Wal-Mart’s new CEO is making some tough decisions. He sent out this memo to associates at headquarters:
To: All Home Office Associates
From: Mike Duke, president and CEO, Wal-Mart Stores, Inc.
Date: February 10, 2009
RE: Organizational Changes
Dear Home Office associates:
As the new fiscal year begins, we find ourselves living in unprecedented times, and I am reminded every day of how our company is uniquely positioned to help Americans weather the economic storm. We know that millions of working men and women are relying on our low prices more than ever before, and we must continue to be an advocate for them.
Starting today, and over the next few weeks, you will be hearing from your leaders about some important changes designed to align our staffing and organizational structure to increase operational efficiencies, support our strategic growth plans and help reduce our overall costs. Some of these changes will involve reductions in Home Office positions while others will create additional management jobs elsewhere. And, as part of our overall store growth plan, we will continue to add thousands of jobs in our stores and clubs this year.
We expect the changes to impact approximately 700-800 Home Office positions including merchandising, real estate, marketing and support divisions in Walmart U.S., Sam’s Club merchandising and some corporate functions. The restructuring will not impact store and club operations.
We do not make these decisions lightly, and every individual decision was carefully considered. We recognize this is a difficult development for the members of our Wal-Mart family who will be leaving the company. While the number of associates that will be impacted by the restructuring is very small compared to the 2.2 million associates we have worldwide, I can assure you that we will treat them with care and dignity and help support them during their transition, consistent with our basic beliefs and respect for the individual.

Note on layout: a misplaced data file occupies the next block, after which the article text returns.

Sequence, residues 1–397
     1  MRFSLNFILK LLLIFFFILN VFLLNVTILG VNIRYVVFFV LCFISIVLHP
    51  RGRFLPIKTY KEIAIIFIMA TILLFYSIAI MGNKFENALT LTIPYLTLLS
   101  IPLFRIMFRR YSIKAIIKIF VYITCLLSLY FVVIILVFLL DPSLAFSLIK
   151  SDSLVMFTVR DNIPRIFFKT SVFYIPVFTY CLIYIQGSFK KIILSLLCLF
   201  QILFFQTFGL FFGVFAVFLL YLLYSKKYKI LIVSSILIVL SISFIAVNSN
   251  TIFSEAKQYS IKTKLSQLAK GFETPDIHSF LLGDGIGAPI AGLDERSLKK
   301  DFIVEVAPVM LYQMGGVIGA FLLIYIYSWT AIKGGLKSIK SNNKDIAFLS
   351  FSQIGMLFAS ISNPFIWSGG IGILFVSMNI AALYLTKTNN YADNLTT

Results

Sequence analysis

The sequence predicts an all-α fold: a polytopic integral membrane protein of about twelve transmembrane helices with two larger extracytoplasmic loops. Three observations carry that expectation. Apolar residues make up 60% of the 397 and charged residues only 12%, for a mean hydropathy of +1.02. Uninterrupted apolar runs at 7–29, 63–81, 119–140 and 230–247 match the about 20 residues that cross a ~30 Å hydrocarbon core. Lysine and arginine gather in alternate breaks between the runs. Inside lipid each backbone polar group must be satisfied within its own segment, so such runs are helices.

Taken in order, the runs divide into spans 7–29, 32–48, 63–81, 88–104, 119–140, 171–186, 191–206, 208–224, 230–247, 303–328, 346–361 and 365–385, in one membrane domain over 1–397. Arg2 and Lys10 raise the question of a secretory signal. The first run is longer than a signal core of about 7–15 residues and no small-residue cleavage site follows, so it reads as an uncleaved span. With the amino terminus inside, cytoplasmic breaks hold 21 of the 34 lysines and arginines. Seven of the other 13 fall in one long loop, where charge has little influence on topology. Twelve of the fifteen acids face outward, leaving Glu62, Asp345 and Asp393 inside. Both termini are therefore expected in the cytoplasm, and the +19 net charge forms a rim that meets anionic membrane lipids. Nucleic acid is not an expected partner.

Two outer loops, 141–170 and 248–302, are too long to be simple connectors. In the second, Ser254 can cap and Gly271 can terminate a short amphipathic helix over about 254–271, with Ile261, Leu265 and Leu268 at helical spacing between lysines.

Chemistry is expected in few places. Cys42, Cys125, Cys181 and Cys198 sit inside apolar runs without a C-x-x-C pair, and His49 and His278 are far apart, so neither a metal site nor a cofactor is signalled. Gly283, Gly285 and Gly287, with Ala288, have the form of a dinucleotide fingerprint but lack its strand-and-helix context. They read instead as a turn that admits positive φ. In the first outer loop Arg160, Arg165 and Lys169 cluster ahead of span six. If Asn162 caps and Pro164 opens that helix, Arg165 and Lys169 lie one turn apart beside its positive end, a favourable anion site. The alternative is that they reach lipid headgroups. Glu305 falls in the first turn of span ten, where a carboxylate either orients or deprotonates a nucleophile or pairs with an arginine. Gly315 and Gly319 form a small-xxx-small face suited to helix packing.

If there is one constant in our organization, it is change. We are committed to our purpose of helping people save money so they can live better and we will continue to take appropriate steps to further align our support structure with our business plans. We must also challenge costs in every corner of the company in order to keep our business strong today and well into the future.
We care about our associates, especially during times like these. Thank you for everything you have done and will do to serve our customers and help make our company better.
Both present and former employees of Wal-Mart tell us that Mike Duke is a man of exceptional integrity. Some have wondered if he has the personal charisma to lead an organization that was within recent memory inspired by leaders such as Sam Walton and David Glass.
Although we doubt we will be seeing Mr. Duke do the hula down Wall Street, we actually detect something in this memo that shows Duke swims in a stream with direct links to Sam Walton:
“We know that millions of working men and women are relying on our low prices more than ever before, and we must continue to be an advocate for them.”